Evolution is necessary, especially to persist for billions of years. Millions of organisms have evolved in various manners to survive, reproduce and become more efficient. However, this is natural and cannot be controlled. But, with Artificial Intelligence (AI), we can reproduce the same evolutionary system in a controlled environment. With the technology we possess for the last few decades, we are now capable of identifying the configurable organisms and then altering their behaviour using biotechnology. This has become especially easy with the help of biotechnology and Artificial Intelligence. AI has made it possible to simulate millions of years of evolution to figure out the right configurations for sustainable organic robots. These robots are organic and composed of stem cells that originate from African clawed frogs (Scientific Name: Xenopus laevis). Stem cells are fundamentally configurable cells that can be used for the replication of tissues and organic growth. Thus, Xenobots are simply programmable living things. 

Xenobots are a result of robotics, computer science, and biology. These living robots are designed using stem cells that go through billions of virtual simulations using Artificial Intelligence. This allows scientists and researchers to test prototypes that would generally take thousands of years if left to natural evolution. More than anything, modern Xenobots can self-replicate. This has never been done before and these living robots are capable of replicating on their own for a long time. For example, modern Xenobots can continue this process of self-replication for multiple generations. These living robots also survive for longer and can be programmed to carry out certain functions as well.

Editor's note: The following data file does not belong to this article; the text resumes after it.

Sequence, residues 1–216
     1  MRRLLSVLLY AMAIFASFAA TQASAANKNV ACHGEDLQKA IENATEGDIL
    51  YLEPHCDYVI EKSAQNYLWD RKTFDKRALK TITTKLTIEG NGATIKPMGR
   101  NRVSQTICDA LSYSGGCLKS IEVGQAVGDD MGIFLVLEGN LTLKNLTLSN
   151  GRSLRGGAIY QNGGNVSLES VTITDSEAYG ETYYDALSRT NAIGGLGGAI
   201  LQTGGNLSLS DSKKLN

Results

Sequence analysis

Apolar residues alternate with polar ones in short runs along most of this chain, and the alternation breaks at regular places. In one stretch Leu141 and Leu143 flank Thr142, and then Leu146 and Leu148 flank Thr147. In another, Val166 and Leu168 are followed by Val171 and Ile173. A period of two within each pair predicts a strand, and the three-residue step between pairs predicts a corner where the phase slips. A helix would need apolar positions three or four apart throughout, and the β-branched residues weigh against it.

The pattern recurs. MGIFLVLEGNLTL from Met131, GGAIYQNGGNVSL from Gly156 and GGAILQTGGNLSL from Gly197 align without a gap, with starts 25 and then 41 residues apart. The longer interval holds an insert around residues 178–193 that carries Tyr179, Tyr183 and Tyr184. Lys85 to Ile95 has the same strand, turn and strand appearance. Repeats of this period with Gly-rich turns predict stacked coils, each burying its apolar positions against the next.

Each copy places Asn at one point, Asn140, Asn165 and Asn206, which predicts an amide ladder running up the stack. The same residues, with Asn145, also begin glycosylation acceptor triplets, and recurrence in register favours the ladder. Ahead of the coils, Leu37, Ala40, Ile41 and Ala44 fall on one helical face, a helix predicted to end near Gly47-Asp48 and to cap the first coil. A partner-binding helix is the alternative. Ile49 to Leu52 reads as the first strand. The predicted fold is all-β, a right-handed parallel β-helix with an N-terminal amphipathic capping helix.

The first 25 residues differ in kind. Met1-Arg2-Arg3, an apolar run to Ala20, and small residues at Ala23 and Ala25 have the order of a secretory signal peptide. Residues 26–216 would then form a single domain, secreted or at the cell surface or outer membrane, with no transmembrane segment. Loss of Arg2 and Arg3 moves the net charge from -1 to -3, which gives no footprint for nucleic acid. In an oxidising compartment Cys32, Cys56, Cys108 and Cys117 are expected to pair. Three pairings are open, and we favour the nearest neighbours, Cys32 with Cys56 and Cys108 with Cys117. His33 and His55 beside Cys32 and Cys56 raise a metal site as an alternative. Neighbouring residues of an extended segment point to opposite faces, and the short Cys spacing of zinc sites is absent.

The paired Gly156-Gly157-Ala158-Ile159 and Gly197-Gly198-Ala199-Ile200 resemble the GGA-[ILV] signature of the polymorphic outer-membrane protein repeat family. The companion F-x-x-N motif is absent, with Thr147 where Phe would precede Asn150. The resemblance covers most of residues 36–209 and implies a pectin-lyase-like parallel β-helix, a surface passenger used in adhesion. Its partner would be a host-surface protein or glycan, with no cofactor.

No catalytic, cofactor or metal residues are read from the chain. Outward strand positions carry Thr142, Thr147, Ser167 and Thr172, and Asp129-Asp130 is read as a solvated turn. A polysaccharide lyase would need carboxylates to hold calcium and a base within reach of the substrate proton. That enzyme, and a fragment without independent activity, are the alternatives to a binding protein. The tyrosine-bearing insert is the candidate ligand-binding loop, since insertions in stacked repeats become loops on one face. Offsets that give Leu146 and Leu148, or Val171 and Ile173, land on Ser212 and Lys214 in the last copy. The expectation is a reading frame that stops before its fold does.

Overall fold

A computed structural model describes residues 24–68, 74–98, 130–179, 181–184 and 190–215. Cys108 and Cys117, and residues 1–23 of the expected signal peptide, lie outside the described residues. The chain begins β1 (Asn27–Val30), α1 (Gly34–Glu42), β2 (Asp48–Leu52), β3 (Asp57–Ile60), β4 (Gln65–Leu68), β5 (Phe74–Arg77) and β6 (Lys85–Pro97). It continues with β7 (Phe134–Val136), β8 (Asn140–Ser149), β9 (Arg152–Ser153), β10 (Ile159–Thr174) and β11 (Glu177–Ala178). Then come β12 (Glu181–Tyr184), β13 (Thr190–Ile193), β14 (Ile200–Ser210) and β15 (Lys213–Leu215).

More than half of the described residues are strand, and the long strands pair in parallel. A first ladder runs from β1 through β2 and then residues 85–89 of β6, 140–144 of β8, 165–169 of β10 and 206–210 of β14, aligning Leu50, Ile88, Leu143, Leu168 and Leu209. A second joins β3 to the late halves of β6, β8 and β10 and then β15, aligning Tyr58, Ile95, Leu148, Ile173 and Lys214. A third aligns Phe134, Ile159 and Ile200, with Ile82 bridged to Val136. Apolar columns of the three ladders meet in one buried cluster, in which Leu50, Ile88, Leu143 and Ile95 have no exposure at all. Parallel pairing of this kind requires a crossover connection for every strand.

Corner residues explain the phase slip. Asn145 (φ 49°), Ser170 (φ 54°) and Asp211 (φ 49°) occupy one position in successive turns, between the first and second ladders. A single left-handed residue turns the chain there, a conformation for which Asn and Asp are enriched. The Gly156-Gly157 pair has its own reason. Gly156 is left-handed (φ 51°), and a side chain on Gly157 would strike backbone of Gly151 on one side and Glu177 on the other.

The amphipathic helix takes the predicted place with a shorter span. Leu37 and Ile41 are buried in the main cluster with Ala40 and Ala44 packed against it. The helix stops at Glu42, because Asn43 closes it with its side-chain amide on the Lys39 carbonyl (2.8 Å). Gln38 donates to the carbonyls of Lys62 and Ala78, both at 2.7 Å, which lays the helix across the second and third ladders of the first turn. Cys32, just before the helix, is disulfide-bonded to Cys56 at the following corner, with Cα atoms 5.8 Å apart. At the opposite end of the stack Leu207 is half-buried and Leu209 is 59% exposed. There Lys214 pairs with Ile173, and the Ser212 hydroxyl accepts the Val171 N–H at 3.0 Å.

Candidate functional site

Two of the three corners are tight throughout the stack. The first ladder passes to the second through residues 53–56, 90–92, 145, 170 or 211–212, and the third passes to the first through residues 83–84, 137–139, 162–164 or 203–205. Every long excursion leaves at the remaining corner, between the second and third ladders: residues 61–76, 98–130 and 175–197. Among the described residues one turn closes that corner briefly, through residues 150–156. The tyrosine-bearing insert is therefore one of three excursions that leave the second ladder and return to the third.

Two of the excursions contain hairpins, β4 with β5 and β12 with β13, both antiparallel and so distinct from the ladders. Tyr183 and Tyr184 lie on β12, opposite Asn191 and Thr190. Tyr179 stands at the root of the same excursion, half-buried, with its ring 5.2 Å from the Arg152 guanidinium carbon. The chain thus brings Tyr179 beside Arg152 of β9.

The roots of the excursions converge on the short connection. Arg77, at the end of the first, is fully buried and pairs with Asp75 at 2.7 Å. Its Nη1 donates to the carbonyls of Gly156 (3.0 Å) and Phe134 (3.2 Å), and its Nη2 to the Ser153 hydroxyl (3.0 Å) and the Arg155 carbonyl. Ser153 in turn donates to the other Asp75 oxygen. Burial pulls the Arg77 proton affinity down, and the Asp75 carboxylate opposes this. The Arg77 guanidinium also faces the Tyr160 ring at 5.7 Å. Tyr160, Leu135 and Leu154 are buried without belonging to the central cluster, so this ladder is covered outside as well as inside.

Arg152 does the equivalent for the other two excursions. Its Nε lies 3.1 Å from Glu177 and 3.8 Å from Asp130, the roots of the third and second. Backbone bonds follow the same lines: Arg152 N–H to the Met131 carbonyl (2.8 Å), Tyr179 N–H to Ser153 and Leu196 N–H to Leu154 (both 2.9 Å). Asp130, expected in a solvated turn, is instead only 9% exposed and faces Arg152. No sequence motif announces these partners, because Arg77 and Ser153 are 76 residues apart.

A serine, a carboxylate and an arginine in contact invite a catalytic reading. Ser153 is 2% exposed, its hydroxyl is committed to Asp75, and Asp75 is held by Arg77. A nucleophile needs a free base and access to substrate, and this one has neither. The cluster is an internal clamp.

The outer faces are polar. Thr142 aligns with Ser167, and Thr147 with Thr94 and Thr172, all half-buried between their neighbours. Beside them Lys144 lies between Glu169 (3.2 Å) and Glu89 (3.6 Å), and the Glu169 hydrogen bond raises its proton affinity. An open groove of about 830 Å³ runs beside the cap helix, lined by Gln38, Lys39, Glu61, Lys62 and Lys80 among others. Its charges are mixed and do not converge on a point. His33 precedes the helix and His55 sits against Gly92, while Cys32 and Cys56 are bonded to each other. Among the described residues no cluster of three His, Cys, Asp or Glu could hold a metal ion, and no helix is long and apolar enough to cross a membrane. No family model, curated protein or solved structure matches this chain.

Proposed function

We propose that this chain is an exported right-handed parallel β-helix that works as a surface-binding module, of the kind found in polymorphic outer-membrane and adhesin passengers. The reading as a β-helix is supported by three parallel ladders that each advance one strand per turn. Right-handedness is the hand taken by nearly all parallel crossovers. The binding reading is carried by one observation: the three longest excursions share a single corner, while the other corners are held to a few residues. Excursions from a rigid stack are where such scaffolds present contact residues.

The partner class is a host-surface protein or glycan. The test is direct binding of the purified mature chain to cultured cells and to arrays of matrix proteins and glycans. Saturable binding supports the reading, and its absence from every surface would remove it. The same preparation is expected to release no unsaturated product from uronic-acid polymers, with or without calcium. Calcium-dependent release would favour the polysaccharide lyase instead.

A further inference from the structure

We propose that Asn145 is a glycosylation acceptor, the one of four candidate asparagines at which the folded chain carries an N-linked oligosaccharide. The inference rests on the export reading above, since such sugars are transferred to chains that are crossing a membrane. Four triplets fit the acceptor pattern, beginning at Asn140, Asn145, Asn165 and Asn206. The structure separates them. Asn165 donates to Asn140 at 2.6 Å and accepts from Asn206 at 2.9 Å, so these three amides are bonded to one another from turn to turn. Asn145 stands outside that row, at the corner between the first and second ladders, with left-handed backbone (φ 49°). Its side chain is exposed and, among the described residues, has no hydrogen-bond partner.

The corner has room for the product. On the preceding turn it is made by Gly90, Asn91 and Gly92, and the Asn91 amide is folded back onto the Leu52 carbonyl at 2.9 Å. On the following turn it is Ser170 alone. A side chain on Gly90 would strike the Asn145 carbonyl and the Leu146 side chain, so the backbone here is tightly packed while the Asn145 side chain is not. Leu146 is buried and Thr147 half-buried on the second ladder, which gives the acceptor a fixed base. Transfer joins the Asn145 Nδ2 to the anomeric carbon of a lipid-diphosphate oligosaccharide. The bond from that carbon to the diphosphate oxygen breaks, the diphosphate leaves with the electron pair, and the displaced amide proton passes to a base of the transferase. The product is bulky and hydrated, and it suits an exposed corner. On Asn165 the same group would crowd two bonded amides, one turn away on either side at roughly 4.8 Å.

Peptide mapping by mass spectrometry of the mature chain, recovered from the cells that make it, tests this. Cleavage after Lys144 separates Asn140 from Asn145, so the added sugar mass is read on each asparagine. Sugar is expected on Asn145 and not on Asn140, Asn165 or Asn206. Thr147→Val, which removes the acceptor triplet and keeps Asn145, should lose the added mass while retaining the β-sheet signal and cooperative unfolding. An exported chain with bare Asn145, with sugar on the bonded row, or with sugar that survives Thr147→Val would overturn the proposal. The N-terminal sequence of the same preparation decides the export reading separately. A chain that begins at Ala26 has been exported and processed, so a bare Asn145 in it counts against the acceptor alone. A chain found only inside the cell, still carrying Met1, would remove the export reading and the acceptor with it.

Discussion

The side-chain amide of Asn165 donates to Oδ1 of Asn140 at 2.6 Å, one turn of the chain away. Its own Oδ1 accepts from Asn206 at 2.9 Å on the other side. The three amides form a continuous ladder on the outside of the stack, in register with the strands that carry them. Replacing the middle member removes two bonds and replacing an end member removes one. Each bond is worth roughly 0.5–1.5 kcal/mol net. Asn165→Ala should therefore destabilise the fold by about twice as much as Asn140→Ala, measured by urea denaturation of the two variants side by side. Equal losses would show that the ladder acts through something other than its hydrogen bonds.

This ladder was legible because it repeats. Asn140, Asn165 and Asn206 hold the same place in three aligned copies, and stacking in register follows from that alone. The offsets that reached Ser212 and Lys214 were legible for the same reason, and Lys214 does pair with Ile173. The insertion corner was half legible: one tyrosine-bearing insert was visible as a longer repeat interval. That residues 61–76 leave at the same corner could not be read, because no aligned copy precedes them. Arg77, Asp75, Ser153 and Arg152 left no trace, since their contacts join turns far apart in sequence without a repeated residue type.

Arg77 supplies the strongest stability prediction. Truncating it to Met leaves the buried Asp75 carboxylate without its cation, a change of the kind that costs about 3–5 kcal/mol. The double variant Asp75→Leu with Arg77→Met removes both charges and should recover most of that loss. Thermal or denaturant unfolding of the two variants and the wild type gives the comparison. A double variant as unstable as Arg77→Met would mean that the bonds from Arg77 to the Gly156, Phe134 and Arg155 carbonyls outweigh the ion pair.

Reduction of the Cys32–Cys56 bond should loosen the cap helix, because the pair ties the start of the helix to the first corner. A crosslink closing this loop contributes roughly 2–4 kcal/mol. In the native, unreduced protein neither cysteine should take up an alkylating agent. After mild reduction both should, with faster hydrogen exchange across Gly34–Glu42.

What are Xenobots?

Fundamentally, Xenobots are synthetic lifeforms that are based on biological tissues and designed using computers. They are created using stem cells as these cells have the capability of developing into various cell types even without the manipulation of genes. Xenobots are a collection of cells that follow algorithms. They are the first of their kind, especially when it comes to living organic matter powered by computation. The concept of Xenobots was first introduced as blueprints with the help of AI. These earlier Xenobots were not capable of complex functions but could move around in fluid and other liquid-based solutions. However, these synthetic organisms could only survive for a maximum of ten days. Early applications of Xenobots were limited to monitoring pollutants, diseases, drugs, and radioactivity but eventually, with the help of advanced AI methodologies such as ANNs (Artificial Neural Networks), they were programmed to become autonomous. Now, with the help of various algorithms and virtual testing environments, Xenobots can be programmed to carry out simple tasks such as moving around, carrying payloads, forming groups, or self-healing. 

Xenobots follow a reproductive pattern that is unique and not seen in any other plant-based or animal-based life form. Even though these are fundamentally robots, they undergo biological reproduction. The cells that form Xenobots are extracted from the embryonic cells and given a chance to survive in other environments. This allows these synthetic beings to learn how to move on their own and effectively reproduce in the most efficient way possible. Various probabilities are virtually tested through simulating various evolution algorithms, this is a great example of how lifeforms try to progress and survive.